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                Author and article information

                Contributors
                Journal
                Front Psychiatry
                Front Psychiatry
                Front. Psychiatry
                Frontiers in Psychiatry
                Frontiers Media S.A.
                1664-0640
                25 May 2020
                2020
                : 11
                Affiliations
                Private Practice , Birmingham, MI, United States
                Author notes

                Edited by: Laura Orsolini, University of Hertfordshire, United Kingdom

                Reviewed by: Roberta Vecchiotti, Hermanas Hospitalarias, Italy; Federica Vellante, Università degli Studi G. d’Annunzio Chieti e Pescara, Italy

                *Correspondence: Patrice Duquette, patrice@ 123456pmdmd.com

                This article was submitted to Psychosomatic Medicine, a section of the journal Frontiers in Psychiatry

                Article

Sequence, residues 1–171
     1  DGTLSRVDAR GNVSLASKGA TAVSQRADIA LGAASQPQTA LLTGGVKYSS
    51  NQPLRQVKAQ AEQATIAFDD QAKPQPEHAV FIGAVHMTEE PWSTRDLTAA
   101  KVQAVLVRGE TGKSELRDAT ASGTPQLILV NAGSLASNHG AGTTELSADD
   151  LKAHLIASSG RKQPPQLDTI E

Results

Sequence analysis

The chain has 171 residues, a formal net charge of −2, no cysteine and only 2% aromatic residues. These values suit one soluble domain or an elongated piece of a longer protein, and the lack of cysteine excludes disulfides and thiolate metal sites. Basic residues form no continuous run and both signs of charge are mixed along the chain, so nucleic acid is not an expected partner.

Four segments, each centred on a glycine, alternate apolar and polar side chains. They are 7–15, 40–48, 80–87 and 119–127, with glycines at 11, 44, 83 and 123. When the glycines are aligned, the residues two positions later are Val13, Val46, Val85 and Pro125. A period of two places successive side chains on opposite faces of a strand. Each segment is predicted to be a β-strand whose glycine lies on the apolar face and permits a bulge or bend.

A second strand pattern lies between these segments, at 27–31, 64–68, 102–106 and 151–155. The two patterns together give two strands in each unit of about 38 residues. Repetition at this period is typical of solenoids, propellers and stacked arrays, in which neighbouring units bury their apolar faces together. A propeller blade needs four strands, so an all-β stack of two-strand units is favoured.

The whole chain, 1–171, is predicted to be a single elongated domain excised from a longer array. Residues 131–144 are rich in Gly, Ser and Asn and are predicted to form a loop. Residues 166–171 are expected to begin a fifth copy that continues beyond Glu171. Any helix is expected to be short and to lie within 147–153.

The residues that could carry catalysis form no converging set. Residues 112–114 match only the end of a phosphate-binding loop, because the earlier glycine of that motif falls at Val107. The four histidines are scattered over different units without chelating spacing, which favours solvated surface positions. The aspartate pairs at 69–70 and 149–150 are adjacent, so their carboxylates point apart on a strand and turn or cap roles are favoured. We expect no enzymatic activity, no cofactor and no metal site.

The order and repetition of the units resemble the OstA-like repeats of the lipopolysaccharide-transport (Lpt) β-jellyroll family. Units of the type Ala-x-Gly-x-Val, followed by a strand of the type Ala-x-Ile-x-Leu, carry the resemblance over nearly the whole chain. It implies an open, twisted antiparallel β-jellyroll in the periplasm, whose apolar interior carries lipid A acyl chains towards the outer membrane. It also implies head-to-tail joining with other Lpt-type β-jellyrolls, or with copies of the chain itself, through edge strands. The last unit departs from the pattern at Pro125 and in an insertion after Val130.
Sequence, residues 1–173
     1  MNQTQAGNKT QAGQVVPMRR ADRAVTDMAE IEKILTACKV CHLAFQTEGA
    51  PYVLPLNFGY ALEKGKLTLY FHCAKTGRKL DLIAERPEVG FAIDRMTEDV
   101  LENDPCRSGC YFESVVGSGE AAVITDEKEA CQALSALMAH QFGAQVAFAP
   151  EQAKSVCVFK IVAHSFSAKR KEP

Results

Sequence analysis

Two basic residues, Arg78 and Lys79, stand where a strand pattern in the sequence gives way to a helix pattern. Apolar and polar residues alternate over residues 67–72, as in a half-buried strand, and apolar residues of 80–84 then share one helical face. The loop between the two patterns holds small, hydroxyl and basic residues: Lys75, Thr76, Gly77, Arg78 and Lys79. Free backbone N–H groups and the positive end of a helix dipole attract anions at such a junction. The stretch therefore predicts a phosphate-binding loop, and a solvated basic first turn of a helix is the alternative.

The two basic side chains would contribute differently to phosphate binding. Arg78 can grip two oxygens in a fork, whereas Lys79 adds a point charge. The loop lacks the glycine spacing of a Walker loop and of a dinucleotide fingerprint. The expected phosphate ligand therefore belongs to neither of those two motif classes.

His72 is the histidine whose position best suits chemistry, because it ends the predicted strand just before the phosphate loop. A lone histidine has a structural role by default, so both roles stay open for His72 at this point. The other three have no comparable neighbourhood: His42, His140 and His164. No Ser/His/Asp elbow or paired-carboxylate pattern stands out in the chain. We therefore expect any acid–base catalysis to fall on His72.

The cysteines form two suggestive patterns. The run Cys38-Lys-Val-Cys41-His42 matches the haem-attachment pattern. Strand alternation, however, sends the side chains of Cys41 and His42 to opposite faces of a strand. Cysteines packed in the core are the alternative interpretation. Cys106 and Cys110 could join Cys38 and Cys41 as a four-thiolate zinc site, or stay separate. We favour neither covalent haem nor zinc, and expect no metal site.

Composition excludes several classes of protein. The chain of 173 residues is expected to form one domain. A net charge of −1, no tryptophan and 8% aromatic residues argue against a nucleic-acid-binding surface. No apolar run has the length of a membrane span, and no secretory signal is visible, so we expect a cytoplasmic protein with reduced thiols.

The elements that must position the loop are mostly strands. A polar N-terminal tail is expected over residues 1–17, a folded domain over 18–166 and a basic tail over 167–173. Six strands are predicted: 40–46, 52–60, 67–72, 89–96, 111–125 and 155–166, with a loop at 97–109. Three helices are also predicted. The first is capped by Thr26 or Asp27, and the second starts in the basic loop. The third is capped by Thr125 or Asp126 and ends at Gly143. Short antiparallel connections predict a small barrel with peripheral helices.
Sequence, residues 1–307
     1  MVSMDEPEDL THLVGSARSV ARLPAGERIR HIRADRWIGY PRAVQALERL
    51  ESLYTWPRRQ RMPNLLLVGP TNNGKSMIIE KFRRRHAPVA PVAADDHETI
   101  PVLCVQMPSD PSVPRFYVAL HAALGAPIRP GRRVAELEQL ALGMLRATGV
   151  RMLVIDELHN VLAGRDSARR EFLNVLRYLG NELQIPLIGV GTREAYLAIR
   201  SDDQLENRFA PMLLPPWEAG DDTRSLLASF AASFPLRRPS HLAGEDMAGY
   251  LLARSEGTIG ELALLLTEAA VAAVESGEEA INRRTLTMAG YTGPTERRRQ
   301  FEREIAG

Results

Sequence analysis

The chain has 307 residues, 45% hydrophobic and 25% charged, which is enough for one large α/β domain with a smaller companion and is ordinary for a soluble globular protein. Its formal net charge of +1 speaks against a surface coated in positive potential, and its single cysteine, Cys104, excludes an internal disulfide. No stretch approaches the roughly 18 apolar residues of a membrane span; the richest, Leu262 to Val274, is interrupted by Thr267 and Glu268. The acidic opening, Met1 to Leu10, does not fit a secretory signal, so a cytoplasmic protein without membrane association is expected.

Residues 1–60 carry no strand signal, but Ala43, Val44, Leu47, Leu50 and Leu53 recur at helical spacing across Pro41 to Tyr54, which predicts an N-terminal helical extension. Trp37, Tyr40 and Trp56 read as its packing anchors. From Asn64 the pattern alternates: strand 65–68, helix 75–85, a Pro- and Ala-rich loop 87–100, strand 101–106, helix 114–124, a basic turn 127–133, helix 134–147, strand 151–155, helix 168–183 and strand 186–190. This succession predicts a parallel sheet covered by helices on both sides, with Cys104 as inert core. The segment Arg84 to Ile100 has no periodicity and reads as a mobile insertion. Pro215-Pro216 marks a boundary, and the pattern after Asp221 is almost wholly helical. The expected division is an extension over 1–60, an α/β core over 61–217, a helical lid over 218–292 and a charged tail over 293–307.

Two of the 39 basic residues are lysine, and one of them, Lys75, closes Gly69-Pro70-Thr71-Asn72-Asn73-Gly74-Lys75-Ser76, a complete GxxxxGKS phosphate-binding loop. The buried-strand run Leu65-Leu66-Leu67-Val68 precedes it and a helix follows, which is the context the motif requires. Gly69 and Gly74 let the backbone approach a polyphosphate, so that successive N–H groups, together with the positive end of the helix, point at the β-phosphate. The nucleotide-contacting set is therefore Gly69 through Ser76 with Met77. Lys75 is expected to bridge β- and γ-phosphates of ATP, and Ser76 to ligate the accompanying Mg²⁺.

10.3389/fpsyt.2020.00433
                7261853
                Copyright © 2020 Duquette

                This is an open-access article distributed under the terms of the Creative Commons Attribution License (CC BY). The use, distribution or reproduction in other forums is permitted, provided the original author(s) and the copyright owner(s) are credited and that the original publication in this journal is cited, in accordance with accepted academic practice. No use, distribution or reproduction is permitted which does not comply with these terms.

                Page count
                Figures: 0, Tables: 0, Equations: 0, References: 86, Pages: 19, Words: 16781
                Categories
                Psychiatry
                Hypothesis and Theory